In 2009, Billy had developed alopecia, and a skin biopsy in the bald areas indicated the cause was hormonal. Our vet consulted with endocrine “experts” then and consequently Billy had been taking 12 mg. of melatonin daily since 2009 to address his alopecia. In 2013, Billy had lost even more fur, his estradiol levels were six times normal, and he was an uncontrolled Type 2 diabetic with routine blood glucose readings at or near 400 (normal being 80-100), despite injections of insulin. This is a classic example where “juggling” hormones was not only ineffective, but harmful. It appears that with spay/neuter, there are no “fixes” for the hormonal chaos. In Billy’s case, the “experts” had no answers for us except dogs do not have type 2 diabetes, and stay on that large dose of melatonin because it has “few side effects”.
Even in 2016, the veterinarians at the University of Tennessee are still recommending 12 mg./day of melatonin and have now added lignans to combat excess estradiol – with no mention that melatonin could raise blood glucose levels. In early 2016, a study of humans showed that insulin-producing cells respond to a 4 mg. dose of melatonin/day by reducing the amount of insulin they release – thereby raising blood glucose. This begs the question:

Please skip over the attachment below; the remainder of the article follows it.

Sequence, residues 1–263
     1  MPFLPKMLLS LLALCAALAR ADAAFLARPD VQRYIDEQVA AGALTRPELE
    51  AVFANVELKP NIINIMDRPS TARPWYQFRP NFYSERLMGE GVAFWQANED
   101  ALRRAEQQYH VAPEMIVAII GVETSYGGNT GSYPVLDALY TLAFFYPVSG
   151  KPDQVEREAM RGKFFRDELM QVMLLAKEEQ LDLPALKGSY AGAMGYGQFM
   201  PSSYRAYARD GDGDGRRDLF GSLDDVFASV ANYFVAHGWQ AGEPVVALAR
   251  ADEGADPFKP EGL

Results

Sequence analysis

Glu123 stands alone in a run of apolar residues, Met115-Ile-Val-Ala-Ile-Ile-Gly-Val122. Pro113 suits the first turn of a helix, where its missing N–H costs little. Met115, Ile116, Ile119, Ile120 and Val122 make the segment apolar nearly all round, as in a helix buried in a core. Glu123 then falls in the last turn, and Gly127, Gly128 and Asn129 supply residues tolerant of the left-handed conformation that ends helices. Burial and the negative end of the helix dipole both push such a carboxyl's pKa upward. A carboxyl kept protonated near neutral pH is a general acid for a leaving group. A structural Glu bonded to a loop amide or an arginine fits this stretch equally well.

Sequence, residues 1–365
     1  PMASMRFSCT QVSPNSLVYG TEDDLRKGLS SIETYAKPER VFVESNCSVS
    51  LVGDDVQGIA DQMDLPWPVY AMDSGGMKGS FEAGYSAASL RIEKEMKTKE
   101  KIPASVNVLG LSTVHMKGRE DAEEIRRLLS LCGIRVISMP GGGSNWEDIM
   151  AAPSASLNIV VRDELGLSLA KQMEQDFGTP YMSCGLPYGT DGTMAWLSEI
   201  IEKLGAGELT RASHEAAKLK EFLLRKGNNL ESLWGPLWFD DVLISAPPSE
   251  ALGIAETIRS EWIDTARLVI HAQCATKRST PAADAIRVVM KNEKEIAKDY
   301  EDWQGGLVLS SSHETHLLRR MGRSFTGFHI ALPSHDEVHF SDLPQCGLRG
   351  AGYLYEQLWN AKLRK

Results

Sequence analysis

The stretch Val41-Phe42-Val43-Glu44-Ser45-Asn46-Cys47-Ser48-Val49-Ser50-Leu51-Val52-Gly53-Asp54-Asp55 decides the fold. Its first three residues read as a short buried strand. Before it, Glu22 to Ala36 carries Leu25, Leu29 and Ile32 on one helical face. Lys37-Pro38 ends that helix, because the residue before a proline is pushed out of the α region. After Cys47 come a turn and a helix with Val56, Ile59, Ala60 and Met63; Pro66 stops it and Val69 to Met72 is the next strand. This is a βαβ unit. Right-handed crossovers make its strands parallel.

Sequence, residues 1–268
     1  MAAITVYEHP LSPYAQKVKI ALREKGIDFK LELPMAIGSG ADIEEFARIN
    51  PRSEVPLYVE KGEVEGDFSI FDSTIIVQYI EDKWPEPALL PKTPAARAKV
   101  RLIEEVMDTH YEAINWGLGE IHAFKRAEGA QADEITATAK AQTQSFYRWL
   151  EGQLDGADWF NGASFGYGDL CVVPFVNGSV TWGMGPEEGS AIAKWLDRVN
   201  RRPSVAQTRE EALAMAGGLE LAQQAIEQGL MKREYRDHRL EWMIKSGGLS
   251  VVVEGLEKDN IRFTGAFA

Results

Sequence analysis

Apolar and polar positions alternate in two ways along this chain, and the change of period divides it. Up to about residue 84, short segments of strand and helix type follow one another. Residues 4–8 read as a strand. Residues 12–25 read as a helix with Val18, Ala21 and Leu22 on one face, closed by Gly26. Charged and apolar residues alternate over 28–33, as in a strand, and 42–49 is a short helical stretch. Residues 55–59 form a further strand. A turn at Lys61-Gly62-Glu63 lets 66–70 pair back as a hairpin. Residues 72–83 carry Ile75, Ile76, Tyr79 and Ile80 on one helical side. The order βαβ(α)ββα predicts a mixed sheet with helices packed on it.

If a person weighing 150 pounds has a significant increase in blood glucose while taking only 4 mg. melatonin/day, what would you expect for a 50 pound dog taking 12 mg. of melatonin/day?
In 2013, based upon the failure of the “experts” to provide us any guidance as to how to control Billy’s blood glucose levels, we began our own research. We had already established that diet, exercise and injections of various types and combinations of insulin was entirely ineffective. We were left to address the other documented anomaly–hormonal imbalance. We looked to see if there was any evidence that the hormonal imbalance (presumably created at least in part by neuter due to the absence of testosterone) can lead to the development of hypothyroidism, Cushings, Atypical Cushings, hyperestrinism, and diabetes. We were forced to research studies on humans as the veterinary community does not acknowledge the causal relationship and has not conducted studies to prove/disprove the thesis. Initially, the most helpful study we found, “Induction of insulin resistance,”79 states:
“We conclude that sex hormone administration, i.e. testosterone treatment in females and ethinyl estradiol treatment in males, can induce insulin resistance in healthy subjects.”
Accordingly, reducing Billy’s estradiol should diminish his insulin resistance, thereby improving his blood glucose. We researched the connection between Cushings and Type 2 diabetes and found further helpful references. One was excerpted from a presentation at the International Congress of Endocrinology and the Endocrine Society in 2014 97:
“Undiagnosed Cushing’s syndrome is common in type 2 diabetics. There are a substantial number of patients with type 2 diabetes who have Cushing’s syndrome as a contributing factor to their diagnosis. You can substantially improve their diabetes and possibly eliminate it, if they are treated for their Cushing’s syndrome…”